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San Francisco Giants: A Thank You and Farewell to Matt Cain

SAN FRANCISCO, CA - JUNE 13: Matt Cain #18 of the San Francisco Giants celebrates after pitching a perfect game against the Houston Astros at AT&T Park on June 13, 2012 in San Francisco, California. The San Francisco Giants defeated the Houston Astros 10-0. Matt Cain struck out a career-high 14 batters, and pitched a perfect game in what was the first in Giants franchise history. (Photo by Jason O. Watson/Getty Images)
SAN FRANCISCO, CA - JUNE 13: Matt Cain #18 of the San Francisco Giants celebrates after pitching a perfect game against the Houston Astros at AT&T Park on June 13, 2012 in San Francisco, California. The San Francisco Giants defeated the Houston Astros 10-0. Matt Cain struck out a career-high 14 batters, and pitched a perfect game in what was the first in Giants franchise history. (Photo by Jason O. Watson/Getty Images) /
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As a San Francisco Giants legend makes his way to retirement, we at Around the Foghorn would like to honor Matt Cain.

I have never known the San Francisco Giants without Matt Cain. I became a fan in 2005, at least an avid fan at that. I was a young, casual observer from the 2001 Home Run Race from Bonds. But it wasn’t until 2005 that I have any real memory of watching a lot of baseball over a year. No coincidence that 2005 was Cain’s first.

I remember in 2007, looking at Matt Cain and thinking “Wow! we might have a pitcher here.” I was also thinking the same thing about Noah Lowry. 2008 brought more of the same, but swap Lowry for Lincecum. Once we hit 2009, that combo of Cain and Lincecum brought genuine surprise when they lost a game they started.

I guess a lot of the issues for most fans surrounding Cain became the fact that he wasn’t getting wins, despite turning in good outings, and quality starts all season long.

Then came 2010. That rotation of Cain, Lincecum, Sanchez, Bumgarner was incredible. A world Series, brought to San Francisco thanks to those four, and the bullpen. But Matt Cain really didn’t get to have his coming out party though, at least on a National stage. You can save that for 2012. But what Cain was able to do beyond 2010 really separated him, in my opinion from Tim Lincecum.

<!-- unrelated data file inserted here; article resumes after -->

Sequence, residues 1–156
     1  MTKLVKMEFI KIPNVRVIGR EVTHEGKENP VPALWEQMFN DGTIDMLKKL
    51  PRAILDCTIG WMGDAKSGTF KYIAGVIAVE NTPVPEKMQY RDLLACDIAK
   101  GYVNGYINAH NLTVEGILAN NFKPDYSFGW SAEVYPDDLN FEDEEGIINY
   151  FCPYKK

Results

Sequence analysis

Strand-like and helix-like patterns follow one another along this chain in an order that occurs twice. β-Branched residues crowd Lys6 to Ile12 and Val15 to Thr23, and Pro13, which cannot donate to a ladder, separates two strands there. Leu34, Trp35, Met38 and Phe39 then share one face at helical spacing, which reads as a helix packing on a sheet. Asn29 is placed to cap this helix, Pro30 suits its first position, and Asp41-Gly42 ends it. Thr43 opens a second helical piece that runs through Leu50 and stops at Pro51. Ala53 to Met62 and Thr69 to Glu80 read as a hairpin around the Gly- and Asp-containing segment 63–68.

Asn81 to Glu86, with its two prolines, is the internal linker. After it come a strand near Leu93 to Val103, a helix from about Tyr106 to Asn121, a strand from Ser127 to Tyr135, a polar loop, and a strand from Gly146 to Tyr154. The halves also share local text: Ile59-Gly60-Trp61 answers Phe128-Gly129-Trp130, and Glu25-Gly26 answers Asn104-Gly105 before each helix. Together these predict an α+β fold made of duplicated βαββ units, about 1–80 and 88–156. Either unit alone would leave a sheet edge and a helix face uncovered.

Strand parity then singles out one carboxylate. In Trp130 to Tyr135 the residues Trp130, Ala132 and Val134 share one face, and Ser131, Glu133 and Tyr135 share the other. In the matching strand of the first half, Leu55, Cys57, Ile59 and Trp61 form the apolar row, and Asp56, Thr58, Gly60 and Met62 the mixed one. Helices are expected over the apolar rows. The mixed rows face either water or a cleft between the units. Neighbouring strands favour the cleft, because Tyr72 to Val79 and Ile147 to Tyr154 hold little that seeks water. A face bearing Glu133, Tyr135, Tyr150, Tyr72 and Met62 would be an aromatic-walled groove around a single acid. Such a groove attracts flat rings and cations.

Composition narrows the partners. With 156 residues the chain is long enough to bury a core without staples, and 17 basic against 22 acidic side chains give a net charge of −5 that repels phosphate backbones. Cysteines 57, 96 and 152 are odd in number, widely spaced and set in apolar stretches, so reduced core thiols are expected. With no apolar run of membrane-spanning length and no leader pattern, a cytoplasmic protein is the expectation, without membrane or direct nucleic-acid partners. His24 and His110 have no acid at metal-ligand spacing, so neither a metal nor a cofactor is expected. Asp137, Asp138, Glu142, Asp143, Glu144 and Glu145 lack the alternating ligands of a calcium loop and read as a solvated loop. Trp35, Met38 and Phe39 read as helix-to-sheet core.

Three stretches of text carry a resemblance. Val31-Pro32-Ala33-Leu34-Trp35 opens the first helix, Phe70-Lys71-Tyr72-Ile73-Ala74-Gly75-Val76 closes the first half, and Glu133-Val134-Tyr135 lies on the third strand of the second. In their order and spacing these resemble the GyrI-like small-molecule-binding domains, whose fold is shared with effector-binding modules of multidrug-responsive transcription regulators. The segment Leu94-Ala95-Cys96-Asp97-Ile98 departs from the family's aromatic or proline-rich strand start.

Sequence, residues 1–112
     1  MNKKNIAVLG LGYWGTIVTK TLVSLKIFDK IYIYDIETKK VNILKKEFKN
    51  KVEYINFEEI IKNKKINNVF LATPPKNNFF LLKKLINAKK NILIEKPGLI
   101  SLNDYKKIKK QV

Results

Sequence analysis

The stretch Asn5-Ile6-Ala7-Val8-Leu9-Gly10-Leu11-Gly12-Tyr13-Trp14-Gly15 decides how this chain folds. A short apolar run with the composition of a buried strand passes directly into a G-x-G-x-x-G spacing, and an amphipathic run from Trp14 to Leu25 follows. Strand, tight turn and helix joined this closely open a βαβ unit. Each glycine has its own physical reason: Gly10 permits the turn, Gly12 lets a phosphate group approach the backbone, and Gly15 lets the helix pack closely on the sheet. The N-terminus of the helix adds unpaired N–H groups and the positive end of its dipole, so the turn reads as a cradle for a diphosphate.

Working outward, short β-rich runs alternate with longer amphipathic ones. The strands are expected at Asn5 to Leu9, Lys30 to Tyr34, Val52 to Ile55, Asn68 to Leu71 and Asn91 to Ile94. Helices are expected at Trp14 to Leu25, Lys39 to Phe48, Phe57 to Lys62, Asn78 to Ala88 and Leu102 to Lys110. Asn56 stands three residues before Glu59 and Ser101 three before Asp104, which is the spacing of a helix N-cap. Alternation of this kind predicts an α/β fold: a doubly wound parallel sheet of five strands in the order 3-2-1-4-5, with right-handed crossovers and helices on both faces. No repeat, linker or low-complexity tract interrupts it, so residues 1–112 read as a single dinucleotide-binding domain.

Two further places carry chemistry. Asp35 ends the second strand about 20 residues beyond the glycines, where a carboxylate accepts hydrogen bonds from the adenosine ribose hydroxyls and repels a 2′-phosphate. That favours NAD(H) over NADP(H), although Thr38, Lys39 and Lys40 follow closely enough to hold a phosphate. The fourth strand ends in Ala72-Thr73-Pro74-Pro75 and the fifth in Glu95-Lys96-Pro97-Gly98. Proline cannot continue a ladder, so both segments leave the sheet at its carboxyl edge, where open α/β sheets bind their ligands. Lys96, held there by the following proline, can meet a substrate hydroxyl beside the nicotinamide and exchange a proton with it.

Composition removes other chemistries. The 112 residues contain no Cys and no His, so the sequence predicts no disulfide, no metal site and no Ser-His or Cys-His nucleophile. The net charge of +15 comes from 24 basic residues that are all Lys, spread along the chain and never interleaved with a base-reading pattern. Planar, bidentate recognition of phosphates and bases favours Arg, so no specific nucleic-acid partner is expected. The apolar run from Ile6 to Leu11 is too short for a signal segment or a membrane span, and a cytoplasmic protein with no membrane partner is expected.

Lincecum was an elite pitcher for a flash in the pan, surviving to 2014 despite not being a decent starter since the 2011 season. Cain was that guy from 2007-2013. Six incredible years. From 2007-2013, Cain went 78-75 with a 3.28 ERA, 13 Complete Games and a 1.165 WHIP.

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Cain in 2012 was the best though. He finished sixth in the NL Cy Young vote that year. Throw in the perfect game, what he did in the playoffs, Cain’s 2012 might have been just as impressive, if not more impressive than Lincecum’s 2010.

I still will never forget that perfect game though. Every time Matt Cain stepped on the hill you had that thought of “is today the day he does it?”. On June 13, 2012 I actually didn’t think that. I was too busy trying to acclimate to Chicagoland as I was hitting my freshman orientation in College. We had landed at O’Hare when the game started.

By the time we got to the hotel it was the 5th inning, and ESPN was just starting to take notice of what was going on. I had seen the score at 10-0, so I didn’t know something else was going on. The rest of that night is history. I yelled, then proceeded to get yelled at by my Mom for celebrating the Gregor Blanco catch too loud. But then what followed was just as incredible.

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I re-hashed all these memories because it’s important to hold on to these, and then frankly ignore what happened the last four. Riddled by injury, it was clear he was on a downturn. It’s ok. It happens. But today is a celebration of what he did prior to those four years, and then how hard he fought to get back to being himself those four years.

Cain would never reach his 2012 form again. That’s ok. Today is about seeing a Giant great for the last time. Those at the ballpark should cherish the moment, cheer him soundly as he comes off the mound, and be his biggest support if things don’t go well. Today is about what Cain has done. So from all of us at Around the Foghorn, than you to Matt Cain, for being one of the best Giants there ever was.

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